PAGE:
Hillary Clinton began the closely watched rollout of her energy-and-climate platform Sunday evening by announcing goals that would greatly expand the deployment of renewable power in the coming years.
However, the announcement does not address a suite of controversial topics, including whether Clinton supports the Keystone XL pipeline and whether she would allow oil drilling in Arctic waters.
But the Clinton campaign emphasized that Sunday's proposal is just part of a broader climate-and-energy agenda that will unfold in the coming months.
Clinton's plan calls for more than half a billion solar panels installed across the country by the end of her first term, and having the U.S. generate enough renewable energy to power every home within a decade of the start of a Clinton presidency.
Achieving the goals would mean expanding the amount of installed solar-energy generating capacity by 700 percent from current levels by the end of 2020, and adding more green-power generation capacity to the electric grid than any other decade in U.S. history, according to a summary of the plan.
According to the Clinton campaign, the clean energy agenda outlined on Sunday would meet the test that environmental mega donor Tom Steyer laid out last week when he called on all candidates to put forward a plan to ramp up renewable and carbon-free energy so that it accounts for more than half of all power generation by 2030.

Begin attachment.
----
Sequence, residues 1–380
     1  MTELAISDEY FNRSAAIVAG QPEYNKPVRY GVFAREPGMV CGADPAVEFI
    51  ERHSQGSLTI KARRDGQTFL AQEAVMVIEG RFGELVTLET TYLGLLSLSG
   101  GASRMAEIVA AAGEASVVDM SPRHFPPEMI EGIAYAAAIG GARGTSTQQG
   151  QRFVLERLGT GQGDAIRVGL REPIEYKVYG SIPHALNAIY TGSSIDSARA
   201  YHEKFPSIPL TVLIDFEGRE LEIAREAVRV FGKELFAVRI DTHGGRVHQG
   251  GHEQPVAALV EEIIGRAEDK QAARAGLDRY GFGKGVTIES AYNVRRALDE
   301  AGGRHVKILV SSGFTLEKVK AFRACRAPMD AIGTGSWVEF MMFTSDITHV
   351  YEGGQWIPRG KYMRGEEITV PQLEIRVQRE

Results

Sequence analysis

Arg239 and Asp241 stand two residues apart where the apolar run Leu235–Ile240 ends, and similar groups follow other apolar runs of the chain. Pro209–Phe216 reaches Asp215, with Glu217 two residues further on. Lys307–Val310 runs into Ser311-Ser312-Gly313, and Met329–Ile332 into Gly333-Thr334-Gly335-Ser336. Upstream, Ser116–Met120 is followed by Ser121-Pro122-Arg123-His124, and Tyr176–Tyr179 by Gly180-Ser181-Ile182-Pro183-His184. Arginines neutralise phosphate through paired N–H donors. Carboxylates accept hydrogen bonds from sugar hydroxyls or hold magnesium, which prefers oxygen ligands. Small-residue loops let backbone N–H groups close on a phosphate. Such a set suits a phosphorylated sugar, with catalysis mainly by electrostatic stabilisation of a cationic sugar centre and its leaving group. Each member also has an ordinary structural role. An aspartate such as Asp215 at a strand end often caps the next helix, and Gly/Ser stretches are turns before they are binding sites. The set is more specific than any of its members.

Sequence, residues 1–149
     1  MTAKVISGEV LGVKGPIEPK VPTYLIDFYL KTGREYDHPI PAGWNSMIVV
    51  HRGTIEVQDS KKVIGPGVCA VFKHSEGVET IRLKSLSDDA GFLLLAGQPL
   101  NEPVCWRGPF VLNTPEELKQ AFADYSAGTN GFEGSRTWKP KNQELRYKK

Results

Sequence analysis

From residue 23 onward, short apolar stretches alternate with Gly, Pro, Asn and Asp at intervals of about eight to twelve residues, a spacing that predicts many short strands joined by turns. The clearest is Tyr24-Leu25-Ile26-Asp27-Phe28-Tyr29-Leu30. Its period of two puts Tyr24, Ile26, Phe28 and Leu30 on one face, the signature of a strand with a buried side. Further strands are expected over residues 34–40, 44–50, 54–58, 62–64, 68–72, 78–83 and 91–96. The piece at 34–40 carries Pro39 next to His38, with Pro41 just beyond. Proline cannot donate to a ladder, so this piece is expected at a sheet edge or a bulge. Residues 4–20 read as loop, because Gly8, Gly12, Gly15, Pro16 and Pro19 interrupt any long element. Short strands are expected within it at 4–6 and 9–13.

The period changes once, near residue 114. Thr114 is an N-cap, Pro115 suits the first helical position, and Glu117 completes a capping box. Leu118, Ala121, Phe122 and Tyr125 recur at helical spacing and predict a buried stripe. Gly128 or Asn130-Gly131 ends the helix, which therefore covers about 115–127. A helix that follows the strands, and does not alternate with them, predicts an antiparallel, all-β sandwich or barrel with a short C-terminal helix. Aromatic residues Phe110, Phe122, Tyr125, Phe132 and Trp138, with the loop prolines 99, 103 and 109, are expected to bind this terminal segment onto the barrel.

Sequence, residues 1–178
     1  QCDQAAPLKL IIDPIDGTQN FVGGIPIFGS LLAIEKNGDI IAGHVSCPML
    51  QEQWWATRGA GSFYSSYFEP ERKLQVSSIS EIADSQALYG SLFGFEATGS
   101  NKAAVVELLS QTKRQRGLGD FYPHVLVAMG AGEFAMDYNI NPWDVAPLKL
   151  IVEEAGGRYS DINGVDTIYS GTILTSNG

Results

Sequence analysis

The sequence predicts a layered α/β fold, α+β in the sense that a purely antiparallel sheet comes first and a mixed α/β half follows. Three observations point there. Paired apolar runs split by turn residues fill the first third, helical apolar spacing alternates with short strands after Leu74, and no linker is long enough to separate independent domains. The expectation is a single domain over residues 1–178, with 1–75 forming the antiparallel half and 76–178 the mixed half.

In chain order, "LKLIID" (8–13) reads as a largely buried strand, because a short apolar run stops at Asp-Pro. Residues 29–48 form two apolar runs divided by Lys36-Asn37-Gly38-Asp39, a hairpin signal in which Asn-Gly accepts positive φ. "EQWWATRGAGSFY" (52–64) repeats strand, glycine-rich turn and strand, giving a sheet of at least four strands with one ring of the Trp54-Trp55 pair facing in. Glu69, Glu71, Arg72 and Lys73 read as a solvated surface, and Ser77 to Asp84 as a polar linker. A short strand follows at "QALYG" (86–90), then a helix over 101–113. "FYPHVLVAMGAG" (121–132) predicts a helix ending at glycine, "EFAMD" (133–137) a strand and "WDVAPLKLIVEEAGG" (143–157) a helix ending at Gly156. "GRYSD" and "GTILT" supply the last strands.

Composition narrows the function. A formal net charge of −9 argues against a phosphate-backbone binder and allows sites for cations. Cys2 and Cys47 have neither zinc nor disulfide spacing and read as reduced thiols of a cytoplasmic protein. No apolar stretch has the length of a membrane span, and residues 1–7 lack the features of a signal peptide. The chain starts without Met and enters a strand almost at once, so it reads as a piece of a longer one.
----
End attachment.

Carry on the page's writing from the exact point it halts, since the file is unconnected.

Brian Fallon, a Clinton campaign spokesman, said on Twitter: "Clinton's goal translates to 33% of electricity by 2027. Counting nuclear, as Steyer does, she exceeds his 50% goal."
Steyer was quick to praise Clinton while making clear that he hopes to see the 2016 Democratic frontrunner outline additional actions she will take to fight global warming.
"Today, Hillary Clinton emerged as a strong leader in solving the climate crisis," Steyer said in a statement, adding: "we look forward to hearing more details about her proposals to tackle climate change."
The campaign unveiled the clean-energy pledge by releasing a video and outline of the plan Sunday evening.
"Future generations will look back and wonder: What were we thinking? How could we possibly be so irresponsible?" Clinton's voice intones during the video. "I'm just a grandmother with two eyes and a brain, and I know what's happening in the world is going to have a big effect on my daughter and especially on my granddaughter."